The Elephant: Tulane has failed to change in year since Climate Survey

Shea Dobson, Views Editor

Editor’s Note: The statistics in the following article use results from undergraduate students and, for that reason, do not necessarily reflect the graduate student experience.

We have passed the one-year mark since Tulane University released the results of the Tulane Climate Survey on Sexual Misconduct, the disturbing results of which drew a mixture of shock, anger, sadness and fear from the Tulane community. Many of those who were here last year remember the cloud that seemed to fall over the entire campus the day after the results were released. The university quickly put out an action plan under the new campus organization Wave of Change.

The action plan seemed to give hope to many students that fast action would be taken to combat sexual violence on Tulane’s campus. Now, a year has passed since the results of the Climate Survey were released and the Wave of Change action plan was announced. But aside from replacing the Wave of Change with the equally ineffectual All In campaign, there has been no visible change. Tulane’s action plan has enacted little change, and sexual violence still remains a prevalent issue on Tulane’s campus.

Let’s start by understanding the vague wording of the original action plan, which is not revealed until page 41 of the original 68-page document. In the beginning of the second paragraph, Tulane states that it will “expand and improve the training we give to all of our students”, but does not clearly outline any of the actions the faculty or administration itself will take. This is logical on its face, as most sexual assaults on this campus are committed by students. When Tulane’s best and brightest, however, can only offer the options to create mandatory One Wave bystander training and increase training for Resident Assistants, it becomes clear that the university is counting on its students to solve all of its problems on its behalf.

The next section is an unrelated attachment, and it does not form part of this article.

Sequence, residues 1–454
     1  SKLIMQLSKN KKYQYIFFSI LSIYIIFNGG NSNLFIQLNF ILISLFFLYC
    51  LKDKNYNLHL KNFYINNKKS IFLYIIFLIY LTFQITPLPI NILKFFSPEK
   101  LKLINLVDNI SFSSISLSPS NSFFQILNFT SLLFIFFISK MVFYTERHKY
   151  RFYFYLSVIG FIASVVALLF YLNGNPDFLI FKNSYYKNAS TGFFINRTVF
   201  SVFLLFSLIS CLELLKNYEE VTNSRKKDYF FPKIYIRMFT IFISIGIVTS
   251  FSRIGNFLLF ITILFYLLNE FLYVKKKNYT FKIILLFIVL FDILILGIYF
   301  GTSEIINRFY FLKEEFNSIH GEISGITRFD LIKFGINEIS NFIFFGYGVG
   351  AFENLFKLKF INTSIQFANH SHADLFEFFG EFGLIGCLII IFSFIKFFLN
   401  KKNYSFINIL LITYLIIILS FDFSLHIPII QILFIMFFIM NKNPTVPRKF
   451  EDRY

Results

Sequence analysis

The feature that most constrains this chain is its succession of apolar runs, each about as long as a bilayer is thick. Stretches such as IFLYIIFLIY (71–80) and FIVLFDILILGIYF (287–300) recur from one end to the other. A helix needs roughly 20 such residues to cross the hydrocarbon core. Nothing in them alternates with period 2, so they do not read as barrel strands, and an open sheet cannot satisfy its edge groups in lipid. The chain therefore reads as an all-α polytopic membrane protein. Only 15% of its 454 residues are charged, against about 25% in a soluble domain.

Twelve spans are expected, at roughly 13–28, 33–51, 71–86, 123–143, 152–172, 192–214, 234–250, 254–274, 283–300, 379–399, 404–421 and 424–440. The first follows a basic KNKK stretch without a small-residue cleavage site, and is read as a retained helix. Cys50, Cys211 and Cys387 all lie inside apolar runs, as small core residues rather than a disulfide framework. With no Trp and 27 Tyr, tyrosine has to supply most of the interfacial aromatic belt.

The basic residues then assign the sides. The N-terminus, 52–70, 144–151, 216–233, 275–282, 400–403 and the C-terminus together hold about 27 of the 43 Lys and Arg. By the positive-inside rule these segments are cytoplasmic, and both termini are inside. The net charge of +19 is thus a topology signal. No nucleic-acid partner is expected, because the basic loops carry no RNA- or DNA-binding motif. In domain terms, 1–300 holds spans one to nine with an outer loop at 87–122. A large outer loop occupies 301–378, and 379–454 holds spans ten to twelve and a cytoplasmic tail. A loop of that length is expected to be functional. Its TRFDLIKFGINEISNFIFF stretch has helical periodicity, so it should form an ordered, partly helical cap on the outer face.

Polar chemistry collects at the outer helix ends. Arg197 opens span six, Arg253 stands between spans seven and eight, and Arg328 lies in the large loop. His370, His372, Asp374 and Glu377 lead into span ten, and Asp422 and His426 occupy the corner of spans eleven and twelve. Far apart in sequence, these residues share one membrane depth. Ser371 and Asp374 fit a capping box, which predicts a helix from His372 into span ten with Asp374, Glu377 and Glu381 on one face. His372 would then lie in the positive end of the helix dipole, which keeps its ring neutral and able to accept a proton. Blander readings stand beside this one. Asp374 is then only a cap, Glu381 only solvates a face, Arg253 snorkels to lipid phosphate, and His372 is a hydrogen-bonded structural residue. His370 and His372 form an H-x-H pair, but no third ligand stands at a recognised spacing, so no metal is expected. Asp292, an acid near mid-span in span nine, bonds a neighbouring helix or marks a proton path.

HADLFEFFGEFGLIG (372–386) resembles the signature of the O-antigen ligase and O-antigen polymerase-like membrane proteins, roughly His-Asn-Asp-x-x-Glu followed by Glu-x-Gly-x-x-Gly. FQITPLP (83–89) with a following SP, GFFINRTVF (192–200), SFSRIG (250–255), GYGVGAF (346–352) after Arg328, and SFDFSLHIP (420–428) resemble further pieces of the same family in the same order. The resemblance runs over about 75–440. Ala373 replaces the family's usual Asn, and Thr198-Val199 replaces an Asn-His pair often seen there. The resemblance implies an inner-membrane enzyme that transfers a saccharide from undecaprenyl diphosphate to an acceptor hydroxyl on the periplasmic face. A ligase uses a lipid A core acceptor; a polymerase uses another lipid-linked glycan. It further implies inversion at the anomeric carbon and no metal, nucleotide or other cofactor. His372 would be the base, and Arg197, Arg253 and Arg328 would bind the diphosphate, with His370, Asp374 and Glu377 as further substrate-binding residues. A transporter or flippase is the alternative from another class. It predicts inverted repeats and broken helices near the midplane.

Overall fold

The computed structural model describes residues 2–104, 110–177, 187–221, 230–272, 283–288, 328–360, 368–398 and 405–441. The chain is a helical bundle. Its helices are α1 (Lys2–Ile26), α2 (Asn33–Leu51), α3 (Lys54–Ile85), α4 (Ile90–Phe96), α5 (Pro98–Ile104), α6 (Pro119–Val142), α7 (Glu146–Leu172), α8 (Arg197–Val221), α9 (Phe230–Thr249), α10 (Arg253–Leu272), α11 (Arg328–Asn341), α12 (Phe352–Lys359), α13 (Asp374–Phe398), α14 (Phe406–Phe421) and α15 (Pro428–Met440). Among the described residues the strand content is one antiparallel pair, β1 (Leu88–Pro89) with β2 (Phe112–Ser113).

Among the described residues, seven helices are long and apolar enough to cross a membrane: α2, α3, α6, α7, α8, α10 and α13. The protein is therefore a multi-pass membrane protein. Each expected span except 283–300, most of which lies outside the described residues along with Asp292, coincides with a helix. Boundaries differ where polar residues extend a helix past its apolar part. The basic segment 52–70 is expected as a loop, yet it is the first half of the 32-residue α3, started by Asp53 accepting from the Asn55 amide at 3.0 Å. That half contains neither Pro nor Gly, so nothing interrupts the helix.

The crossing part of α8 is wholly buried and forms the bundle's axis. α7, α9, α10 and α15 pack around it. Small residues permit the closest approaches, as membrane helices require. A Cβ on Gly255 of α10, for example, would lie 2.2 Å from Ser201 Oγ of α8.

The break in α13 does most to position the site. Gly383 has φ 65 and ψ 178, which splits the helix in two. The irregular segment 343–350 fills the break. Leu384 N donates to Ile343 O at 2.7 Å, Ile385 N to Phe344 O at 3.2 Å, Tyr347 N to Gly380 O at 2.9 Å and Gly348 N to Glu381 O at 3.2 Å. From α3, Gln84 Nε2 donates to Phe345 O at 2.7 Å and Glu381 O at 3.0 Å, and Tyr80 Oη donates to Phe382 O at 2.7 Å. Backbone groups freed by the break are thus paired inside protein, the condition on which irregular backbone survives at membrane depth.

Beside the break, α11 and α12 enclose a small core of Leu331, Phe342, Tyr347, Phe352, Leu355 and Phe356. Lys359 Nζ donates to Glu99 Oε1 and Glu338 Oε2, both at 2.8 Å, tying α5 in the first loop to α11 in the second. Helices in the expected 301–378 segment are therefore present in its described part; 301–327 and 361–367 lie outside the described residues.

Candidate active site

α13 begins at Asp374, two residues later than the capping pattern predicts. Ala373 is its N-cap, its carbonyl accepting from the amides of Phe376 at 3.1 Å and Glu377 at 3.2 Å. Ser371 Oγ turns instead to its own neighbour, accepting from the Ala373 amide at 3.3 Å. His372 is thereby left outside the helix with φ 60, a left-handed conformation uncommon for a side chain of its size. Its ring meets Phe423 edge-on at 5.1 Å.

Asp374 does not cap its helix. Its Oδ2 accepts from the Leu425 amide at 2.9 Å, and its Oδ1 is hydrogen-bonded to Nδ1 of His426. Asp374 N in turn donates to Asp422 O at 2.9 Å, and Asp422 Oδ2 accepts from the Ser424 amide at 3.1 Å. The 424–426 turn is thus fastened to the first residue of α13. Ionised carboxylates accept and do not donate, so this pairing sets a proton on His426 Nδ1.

The university, when returning for the fall semester this year, cracked down hard on the drinking culture surrounding the school by temporarily creating a “dry campus,” citing its ties to sexual violence as a reason. According to the results of the climate survey, however, only around one-third of perpetrators were believed to have been under the influence during the assault, while nearly 70 percent of victims were sober during the assault. This shows that Tulane’s actual, concrete actions are not even properly directed. Since Tania Tetlow, creator of the Wave of Change, stepped away from Tulane to accept the president position at Loyola University, it has begun to feel as though Tulane truly has no plan.

What Tulane needs to understand is that no amount of seminar classes or student training is going to end sexual assault on campus. The administration itself needs to take more direct action for students who have been victims of sexual violence. While 84 percent of students taking the climate survey said they felt as though Tulane supported them, this statistic included responses from all students, rather than specifically those who had been victims of sexual violence. Though Tulane provided many full breakdowns of data in its action plan, it did not provide a breakdown for that particular statistic.

While nearly 40 percent of the incidents of “academic sexism, sex discrimination and sexual/gender-based harassment” were committed by a faculty or staff member (39.6 percent, to be exact), Tulane conducted no thorough investigation into its faculty or staff. This is a blatant display of willful ignorance by the university and shows that our administration, which has been critically lauded for its ‘bold’ attempts to fight sexual violence on campus, will put perpetrator over victim if that perpetrator is on the payroll.

Tulane’s administration has focused more on maintaining its image than it has on stopping sexual violence on its campus. If the university really cared, it could have done a thorough sweep of its faculty and staff and made our campus safer than it has ever been with just a few pink slips. Instead, Tulane has placed the burden of responsibility on its students, knowing full well from the results of its climate survey that the burden indeed falls on the administration itself. If our administration will not investigate its faculty and staff, maybe it’s time for us to investigate our administration.

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